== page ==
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Métis Nation British Columbia says game is ‘very pervasive’ but only fraction of the problem.
British Columbia is investigating allegations health-care staff in emergency rooms were playing a “game” to guess the blood-alcohol level of Indigenous patients, behaviour officials describe as an overt example of widespread, deep-rooted racism across the field of health.
Provincial Health Minister Adrian Dix made the accusations public during a news conference on Friday, after hearing about the allegations late Thursday.
“If true, it is intolerable, unacceptable and racist,” Dix said.
Métis Nation British Columbia (MNBC), the governing body for Métis in B.C., later said health-care staff called the game “The Price Is Right.” Physicians and nurses try to guess the blood-alcohol level of incoming patients they presumed to be Indigenous as closely as they could, without going over.
Dix declined to identify the hospitals or health authorities being investigated. He would not clarify whether staff involved are suspended or still at work.
If the allegations are true, such behaviour would have “affected profoundly patient care,” Dix said.
Mary-Ellen Turpel-Lafond, a former judge and longtime children’s advocate in B.C., has been appointed to investigate “the facts of the issue” and make recommendations to the province.
Dix did not give a timeline for Turpel-Lafond’s investigation, but said she is starting her work “immediately.”
Turpel-Lafond said she is aware of one incident involving “a range of people,” however, at least one health authority in B.C. will be investigated to see how pervasive the “game” is and to possibly review other, similar incidents of racism in the health-care system. She said other health authorities could also be investigated depending on the results of the initial investigation.
“Clearly, if there’s any workplace in British Columbia where people are playing games at the health or expense of Indigenous people, one can only expect someone in those roles to face severe consequences,” she said.
Turpel-Lafond said she is looking to release a statement about her plan for investigation to the public next week, but did not offer a timeline to complete her work.
Documented history of racism in health care.
The allegations Friday come as little surprise to health-care professionals and members of the public.
MNBC CEO Daniel Fontaine said he heard about the game after a health-care worker told leaders about it during the Provincial Health Services Authority’s (PHSA) San’yas Indigenous Cultural Safety Training. Fontaine informed the provincial government this week, triggering Friday’s news conference.
Fontaine said the game is widespread and “very pervasive,” but only a fraction of the problem.
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He cited a 2019 report which catalogued 15 pages of “shocking and disturbing” incidents of racism and discrimination against Indigenous people across various sectors of the health-care system in B.C.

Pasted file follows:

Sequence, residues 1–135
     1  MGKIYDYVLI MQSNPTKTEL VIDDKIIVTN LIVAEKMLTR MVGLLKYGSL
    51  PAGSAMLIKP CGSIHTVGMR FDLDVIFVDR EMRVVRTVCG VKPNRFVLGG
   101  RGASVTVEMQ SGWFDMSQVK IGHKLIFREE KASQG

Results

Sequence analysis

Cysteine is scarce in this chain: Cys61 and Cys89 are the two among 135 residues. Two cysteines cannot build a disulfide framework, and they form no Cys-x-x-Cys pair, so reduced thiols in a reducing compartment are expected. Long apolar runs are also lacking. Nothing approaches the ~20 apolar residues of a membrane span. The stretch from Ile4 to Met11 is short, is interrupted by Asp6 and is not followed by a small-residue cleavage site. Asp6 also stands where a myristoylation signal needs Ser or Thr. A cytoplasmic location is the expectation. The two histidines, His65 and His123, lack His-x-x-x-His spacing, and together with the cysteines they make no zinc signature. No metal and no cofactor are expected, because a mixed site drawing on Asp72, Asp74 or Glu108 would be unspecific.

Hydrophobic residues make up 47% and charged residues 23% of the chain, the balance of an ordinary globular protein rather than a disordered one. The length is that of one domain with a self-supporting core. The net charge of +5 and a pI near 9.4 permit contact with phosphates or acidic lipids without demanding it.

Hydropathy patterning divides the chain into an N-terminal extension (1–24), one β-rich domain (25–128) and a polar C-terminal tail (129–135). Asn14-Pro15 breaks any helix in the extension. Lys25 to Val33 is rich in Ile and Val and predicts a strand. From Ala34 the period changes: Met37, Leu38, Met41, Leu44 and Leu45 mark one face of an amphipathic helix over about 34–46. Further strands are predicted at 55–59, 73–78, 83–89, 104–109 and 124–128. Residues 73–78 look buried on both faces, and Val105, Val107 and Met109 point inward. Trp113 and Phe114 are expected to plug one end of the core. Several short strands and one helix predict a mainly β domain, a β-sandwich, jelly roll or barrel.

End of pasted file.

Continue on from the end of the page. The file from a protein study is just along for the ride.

He said examples within that study “are equally as egregious” as the game described on Friday.
“There is something seriously wrong here besides The Price is Right. The Price is Right is just one game,” Fontaine said.
The College of Physicians and Surgeons of B.C. reacted to the news conference in a statement, writing “the allegations suggest conduct that is absolutely inexcusable for any health-care provider, especially in emergency rooms where people are most vulnerable and rely on medical professionals to care for them in their time of need.”
“The College extends its full support to the investigation. If it results in findings of racist conduct involving a physician or surgeon (registrants of this College), the College would take swift action to open its own investigative file into the matter.”
The Hospital Employees’ Union also issued a statement on Friday afternoon, expressing their support for the investigation.
“Racism is deeply ingrained in many of our institutions including our health care system,” the statement read in part.
“Health authorities and all who are charged with delivering care must double down on efforts to confront and combat the poison of anti-Indigenous racism.”
Harmful behaviours by staff
Another 2015 study, which was national in scope, found racism against Indigenous people in the health-care system was a major factor in poorer health among Indigenous people across Canada.
The study, called First Peoples, Second Class Treatment, said the inequality between Indigenous and non-Indigenous health is rooted in colonialism, particularly government policies around segregation and residential schools.
The research suggested Indigenous people experience so much racism from health-care workers, they often strategize ahead of time how to deal with the behaviour before visiting emergency departments or avoid hospitals altogether.
In 2017, a joint presentation from the First Nations Health Authority and the BC Patient Safety & Quality Council said experts found more than 3,800 examples of stereotyping against Indigenous people in 2014, with “alcoholic” being the most common.
Harmful behaviours by staff included misdiagnosis, delay or denial in service, “improper procedure” and withholding of pain medication for Indigenous patients. People have died after receiving inadequate care.
The Canadian Public Health Association said in 2018 those who experience racism “exhibit poorer health outcomes, including negative mental health outcomes, negative physical health outcomes and negative health-related behaviours.”
Health Minister Dix said he will be reaching out to Indigenous leaders in B.C., especially in health care, as well as FNHA about the recent allegations.
Doctors of B.C., an organization representing physicians in the province, and the B.C. Nurses Union both said they support the investigation.
With files from Duncan McCue, Angela Sterritt, Michelle Ghoussoub and Karin Larsen